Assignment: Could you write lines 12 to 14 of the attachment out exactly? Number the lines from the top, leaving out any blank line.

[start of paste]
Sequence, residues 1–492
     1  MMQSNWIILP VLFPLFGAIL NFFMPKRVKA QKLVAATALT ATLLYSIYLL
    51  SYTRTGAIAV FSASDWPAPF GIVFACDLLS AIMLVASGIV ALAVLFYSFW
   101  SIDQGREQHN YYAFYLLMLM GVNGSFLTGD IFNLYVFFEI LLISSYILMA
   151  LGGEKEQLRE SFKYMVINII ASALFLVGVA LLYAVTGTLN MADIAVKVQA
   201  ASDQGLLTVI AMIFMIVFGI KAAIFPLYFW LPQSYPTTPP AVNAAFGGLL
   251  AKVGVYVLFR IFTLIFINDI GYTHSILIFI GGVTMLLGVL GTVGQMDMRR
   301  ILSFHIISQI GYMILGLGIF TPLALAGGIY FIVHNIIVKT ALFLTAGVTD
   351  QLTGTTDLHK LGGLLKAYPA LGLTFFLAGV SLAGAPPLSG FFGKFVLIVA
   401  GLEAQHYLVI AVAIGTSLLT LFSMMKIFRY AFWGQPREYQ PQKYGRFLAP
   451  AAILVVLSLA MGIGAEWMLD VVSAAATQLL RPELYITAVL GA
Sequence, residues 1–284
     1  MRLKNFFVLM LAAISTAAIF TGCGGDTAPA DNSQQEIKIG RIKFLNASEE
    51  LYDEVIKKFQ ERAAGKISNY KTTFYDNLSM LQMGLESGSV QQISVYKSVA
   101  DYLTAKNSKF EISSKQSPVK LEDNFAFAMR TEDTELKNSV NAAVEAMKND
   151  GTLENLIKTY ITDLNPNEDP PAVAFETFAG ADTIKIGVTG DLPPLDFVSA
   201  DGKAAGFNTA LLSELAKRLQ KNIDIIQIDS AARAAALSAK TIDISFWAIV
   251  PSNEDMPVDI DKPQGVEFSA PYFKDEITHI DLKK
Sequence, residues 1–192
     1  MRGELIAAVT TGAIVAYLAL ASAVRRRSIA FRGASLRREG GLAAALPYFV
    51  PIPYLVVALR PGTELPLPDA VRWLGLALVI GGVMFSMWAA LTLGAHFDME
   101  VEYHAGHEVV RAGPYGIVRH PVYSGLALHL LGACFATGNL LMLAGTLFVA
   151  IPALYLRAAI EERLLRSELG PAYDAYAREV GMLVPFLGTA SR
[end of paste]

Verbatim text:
Sequence, residues 1–284
     1  MRLKNFFVLM LAAISTAAIF TGCGGDTAPA DNSQQEIKIG RIKFLNASEE
    51  LYDEVIKKFQ ERAAGKISNY KTTFYDNLSM LQMGLESGSV QQISVYKSVA